Known as "Big Daddy," Garlits designed a safer, faster rear-engine dragster after being seriously hurt in 1970 when his front-engine dragster exploded at the old Lions Drag Strip in Wilmington. The rear-engine design, with the engine behind the driver's cockpit, is still used today.
Garlits, who lives in Ocala, Fla., went on to win the top-fuel championship in 1975, 1985 and 1986 in his series of "Swamp Rat" dragsters, was the first to break the 270-mph barrier on the drag strip and became one of the best-known figures in the history of National Hot Rod Assn. drag racing.
The NHRA's season-opening event this year, the Winternationals at Auto Club Raceway in Pomona, takes place Feb. 9 to 12, and on Feb. 11 a fundraising event in Garlits' honor -- dubbed a "Rat Roast" -- is scheduled in Pomona.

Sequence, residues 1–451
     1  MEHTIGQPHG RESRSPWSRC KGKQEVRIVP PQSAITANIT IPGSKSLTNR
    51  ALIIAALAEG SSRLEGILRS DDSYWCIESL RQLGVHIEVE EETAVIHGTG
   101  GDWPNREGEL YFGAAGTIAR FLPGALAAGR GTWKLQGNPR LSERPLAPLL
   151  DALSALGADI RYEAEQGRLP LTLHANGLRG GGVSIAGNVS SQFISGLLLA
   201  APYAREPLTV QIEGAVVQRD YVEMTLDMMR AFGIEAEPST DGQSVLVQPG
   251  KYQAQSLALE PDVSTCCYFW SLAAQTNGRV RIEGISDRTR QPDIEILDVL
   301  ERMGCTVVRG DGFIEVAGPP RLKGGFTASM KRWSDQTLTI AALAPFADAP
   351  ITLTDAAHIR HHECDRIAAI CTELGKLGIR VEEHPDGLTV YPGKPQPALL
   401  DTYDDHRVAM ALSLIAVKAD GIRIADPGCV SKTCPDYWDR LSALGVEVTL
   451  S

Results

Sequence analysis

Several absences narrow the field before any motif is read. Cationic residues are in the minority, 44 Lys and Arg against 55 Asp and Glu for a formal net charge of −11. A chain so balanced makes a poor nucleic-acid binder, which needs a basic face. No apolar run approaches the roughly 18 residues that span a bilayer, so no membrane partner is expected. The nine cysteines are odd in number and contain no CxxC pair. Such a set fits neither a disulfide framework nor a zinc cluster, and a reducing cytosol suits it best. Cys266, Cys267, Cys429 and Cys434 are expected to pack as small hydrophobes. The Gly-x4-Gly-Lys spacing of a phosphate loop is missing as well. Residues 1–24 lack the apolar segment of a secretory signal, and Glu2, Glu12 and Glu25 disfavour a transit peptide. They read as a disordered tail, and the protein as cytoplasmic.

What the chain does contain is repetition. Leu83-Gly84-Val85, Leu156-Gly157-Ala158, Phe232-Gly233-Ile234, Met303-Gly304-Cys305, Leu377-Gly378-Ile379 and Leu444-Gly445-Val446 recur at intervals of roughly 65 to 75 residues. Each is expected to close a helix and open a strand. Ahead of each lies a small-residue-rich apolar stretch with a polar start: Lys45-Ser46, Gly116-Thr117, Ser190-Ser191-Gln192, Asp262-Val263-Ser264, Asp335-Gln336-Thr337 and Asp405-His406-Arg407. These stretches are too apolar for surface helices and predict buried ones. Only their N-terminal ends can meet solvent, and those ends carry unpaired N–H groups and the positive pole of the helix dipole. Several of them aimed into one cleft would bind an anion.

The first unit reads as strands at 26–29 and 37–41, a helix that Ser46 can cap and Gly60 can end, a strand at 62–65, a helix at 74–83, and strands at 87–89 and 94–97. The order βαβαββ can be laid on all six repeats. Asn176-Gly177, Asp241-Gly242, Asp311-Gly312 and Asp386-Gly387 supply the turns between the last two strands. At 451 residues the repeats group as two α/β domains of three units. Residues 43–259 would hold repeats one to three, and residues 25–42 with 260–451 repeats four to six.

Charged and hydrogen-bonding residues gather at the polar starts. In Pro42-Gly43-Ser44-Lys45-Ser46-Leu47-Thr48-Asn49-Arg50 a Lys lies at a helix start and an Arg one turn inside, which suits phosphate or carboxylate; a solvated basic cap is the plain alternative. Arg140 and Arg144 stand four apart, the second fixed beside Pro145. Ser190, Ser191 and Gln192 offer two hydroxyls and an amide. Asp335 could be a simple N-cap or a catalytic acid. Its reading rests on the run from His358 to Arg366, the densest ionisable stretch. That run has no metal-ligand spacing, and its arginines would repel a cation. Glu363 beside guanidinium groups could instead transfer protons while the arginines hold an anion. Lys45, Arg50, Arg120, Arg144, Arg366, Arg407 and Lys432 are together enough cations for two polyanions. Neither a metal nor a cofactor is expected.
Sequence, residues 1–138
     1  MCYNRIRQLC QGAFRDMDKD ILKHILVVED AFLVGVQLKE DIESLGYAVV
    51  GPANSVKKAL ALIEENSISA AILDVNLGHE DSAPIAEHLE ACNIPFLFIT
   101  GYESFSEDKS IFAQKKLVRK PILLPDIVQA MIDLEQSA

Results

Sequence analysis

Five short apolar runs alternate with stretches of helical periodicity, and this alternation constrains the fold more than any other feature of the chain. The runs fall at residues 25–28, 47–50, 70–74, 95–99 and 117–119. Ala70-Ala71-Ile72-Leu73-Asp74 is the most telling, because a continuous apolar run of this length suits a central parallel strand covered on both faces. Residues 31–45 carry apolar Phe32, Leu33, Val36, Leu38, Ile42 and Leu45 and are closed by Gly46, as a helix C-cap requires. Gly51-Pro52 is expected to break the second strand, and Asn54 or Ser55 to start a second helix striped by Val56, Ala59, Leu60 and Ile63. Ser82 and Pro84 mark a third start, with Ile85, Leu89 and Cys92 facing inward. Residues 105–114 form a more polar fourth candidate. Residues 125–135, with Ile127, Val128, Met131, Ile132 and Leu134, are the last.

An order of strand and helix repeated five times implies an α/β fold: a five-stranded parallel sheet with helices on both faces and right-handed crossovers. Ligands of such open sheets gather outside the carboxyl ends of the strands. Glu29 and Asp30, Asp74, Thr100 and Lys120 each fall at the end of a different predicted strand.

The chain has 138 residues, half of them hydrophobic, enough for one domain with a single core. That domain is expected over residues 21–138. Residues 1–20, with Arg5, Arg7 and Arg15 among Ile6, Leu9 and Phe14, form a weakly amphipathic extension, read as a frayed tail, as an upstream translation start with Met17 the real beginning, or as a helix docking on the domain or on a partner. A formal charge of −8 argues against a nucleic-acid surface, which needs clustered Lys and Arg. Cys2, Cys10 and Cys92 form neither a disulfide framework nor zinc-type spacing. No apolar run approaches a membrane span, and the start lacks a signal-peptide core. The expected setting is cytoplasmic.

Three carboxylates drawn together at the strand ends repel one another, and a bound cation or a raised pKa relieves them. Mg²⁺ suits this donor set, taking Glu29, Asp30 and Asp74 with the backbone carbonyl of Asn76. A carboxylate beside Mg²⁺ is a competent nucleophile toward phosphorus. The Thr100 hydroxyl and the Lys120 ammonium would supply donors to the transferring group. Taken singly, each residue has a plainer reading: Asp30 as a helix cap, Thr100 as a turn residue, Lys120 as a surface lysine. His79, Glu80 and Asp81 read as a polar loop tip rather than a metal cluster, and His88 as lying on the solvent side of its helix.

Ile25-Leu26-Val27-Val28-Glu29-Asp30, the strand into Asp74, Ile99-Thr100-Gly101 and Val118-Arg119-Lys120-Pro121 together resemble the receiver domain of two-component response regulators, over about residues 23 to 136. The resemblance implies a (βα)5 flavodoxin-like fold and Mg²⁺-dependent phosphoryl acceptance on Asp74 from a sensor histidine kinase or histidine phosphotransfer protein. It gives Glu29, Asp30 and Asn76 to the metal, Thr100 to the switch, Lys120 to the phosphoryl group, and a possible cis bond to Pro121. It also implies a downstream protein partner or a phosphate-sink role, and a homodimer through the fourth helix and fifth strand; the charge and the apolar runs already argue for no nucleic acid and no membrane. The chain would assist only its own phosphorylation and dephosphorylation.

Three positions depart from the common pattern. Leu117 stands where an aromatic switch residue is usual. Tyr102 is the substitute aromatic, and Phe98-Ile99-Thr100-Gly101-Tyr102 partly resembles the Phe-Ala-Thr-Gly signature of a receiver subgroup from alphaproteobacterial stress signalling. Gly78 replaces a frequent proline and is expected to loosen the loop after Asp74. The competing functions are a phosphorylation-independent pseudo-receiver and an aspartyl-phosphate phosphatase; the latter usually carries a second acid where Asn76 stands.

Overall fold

Proceeds will benefit the Quarter Mile Foundation, which has programs to preserve the history of drag racing. Among those expected to attend include drivers who competed against Garlits, including Don "The Snake" Prudhomme.
-- Jim Peltz
Photo: Racing legend Don Garlits at his Don Garlits Museum of Drag Racing in Ocala, Fla., in 2007. Credit: Sara A. Fajardo / Orlando Sentinel